Cost-Effectiveness Analysis of Disposal Systems

by Michael I. Popovich, Lauderdale-by-the-Sea, FL,
Lucien Duckstein, Prof.; on Joint Appointment in Depts. of Systems and Industrial Engrg. and Hydr. and Water Resour., Univ. of Arizona, Tucson, AZ,
Chester C. Kisiel, (M.ASCE), Prof.; on Join Appointment in Depts. of Systems and Industrial Engrg. and Hydr. and Water Resour., Univ. of Arizona, Tucson, AZ,


Serial Information: Journal of the Environmental Engineering Division, 1973, Vol. 99, Issue 5, Pg. 577-591


Document Type: Journal Paper

Discussion: Marks David H. (See full record)
Closure: (See full record)

Abstract: Using Kazanowski's standardized cost-effectiveness methodology, alternative systems are compared for effectively disposing 4 to 5 lb of municipal refuse per person per day in urban communities of the United States. The criteria for studying this problem are often limited to cost or marketable measures; in contrast, use of a cost-effectiveness approach allows the inclusion of nonquantifiable measures of effectiveness such as public acceptance, political factors, health risks, environmental constraints, soil benefits, and potential ground-water pollution. Data from a case study in Tucson, Arizona, are used to illustrate the problem and methodology.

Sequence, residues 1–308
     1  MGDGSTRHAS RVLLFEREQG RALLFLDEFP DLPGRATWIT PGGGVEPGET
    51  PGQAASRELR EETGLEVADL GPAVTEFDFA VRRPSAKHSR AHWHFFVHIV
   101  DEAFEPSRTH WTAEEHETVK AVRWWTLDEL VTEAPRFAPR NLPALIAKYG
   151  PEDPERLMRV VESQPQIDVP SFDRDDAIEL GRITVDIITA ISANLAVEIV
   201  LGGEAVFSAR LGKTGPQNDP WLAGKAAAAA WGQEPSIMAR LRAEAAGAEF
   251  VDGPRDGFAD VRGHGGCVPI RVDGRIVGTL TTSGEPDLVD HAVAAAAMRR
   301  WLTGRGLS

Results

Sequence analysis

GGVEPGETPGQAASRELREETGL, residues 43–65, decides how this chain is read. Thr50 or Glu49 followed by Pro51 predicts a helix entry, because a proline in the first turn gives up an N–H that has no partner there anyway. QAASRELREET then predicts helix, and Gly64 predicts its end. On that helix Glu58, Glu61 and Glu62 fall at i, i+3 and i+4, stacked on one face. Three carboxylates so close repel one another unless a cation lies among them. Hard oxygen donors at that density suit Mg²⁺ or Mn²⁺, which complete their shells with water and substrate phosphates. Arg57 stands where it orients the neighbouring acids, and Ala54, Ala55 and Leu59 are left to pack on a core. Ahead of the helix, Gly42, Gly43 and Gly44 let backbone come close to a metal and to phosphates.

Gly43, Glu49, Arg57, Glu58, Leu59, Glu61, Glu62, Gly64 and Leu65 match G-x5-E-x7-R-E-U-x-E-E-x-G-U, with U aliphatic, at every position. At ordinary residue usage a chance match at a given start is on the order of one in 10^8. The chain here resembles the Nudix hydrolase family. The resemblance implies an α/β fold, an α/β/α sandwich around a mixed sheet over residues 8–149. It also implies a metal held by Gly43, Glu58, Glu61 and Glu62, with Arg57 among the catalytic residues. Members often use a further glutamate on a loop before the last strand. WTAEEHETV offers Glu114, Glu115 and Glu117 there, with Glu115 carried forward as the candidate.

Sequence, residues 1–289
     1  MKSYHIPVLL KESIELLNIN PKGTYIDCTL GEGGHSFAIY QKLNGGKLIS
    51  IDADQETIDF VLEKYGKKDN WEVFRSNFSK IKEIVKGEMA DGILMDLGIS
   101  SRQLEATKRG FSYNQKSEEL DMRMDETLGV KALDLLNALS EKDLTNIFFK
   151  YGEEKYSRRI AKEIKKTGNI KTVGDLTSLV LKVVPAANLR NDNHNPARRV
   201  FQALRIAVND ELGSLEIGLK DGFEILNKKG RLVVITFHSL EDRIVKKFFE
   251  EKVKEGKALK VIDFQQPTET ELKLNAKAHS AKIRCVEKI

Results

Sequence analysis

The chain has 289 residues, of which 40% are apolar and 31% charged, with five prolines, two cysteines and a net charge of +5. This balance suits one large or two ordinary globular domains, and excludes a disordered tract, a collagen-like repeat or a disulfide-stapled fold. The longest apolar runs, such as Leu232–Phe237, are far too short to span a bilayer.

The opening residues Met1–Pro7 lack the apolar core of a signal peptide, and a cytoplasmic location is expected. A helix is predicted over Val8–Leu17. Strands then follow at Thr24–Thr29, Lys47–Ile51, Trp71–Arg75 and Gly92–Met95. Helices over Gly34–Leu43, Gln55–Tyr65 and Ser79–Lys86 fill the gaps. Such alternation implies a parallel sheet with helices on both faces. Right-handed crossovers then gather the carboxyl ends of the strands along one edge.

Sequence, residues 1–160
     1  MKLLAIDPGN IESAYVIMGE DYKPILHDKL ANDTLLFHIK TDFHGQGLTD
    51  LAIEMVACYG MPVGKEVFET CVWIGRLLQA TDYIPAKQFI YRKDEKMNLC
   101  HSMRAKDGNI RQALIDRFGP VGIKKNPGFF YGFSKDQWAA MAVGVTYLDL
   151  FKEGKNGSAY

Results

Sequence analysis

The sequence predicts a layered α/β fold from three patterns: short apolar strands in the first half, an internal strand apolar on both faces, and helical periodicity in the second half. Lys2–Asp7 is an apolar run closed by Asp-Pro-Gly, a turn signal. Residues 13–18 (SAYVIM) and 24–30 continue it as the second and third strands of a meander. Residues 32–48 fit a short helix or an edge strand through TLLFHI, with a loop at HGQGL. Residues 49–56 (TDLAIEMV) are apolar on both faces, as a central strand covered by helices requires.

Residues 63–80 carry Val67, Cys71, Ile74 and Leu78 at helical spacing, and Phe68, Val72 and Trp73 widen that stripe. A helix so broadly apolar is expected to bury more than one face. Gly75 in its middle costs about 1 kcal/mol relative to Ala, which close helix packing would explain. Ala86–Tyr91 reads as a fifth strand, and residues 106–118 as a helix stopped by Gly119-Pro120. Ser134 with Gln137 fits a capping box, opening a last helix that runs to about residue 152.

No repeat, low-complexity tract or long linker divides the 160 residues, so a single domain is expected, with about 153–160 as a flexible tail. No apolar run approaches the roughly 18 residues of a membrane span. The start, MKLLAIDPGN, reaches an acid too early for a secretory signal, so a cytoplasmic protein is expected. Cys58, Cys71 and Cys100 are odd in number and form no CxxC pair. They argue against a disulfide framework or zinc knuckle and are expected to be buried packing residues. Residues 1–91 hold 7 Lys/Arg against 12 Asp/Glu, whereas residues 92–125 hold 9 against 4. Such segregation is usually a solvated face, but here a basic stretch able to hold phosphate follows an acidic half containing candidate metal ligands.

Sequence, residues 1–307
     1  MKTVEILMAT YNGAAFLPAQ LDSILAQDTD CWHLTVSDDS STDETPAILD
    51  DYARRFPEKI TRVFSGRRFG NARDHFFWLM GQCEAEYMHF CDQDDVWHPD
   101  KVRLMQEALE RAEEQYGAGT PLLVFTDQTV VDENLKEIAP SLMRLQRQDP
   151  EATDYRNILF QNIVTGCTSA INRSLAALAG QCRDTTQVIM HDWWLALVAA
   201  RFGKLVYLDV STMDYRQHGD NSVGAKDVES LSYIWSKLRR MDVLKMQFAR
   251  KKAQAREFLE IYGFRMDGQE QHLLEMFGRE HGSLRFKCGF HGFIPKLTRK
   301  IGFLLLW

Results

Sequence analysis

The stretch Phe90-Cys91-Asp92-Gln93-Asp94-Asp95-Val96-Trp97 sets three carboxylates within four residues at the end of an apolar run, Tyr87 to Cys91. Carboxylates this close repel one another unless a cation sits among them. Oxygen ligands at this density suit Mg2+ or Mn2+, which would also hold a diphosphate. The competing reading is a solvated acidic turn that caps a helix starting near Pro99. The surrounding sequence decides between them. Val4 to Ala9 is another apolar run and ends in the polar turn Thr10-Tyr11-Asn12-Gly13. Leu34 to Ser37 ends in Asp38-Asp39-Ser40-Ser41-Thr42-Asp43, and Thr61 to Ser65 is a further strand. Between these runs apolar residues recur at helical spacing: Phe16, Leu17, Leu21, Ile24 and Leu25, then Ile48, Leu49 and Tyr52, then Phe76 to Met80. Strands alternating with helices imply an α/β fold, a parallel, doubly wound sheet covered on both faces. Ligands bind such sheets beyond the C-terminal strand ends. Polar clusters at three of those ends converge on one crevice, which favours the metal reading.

Subject Headings: System analysis | Soil pollution | Political factors | Health hazards | Groundwater pollution | Case studies | Urban areas | Local government | North America | United States | Arizona | Tucson

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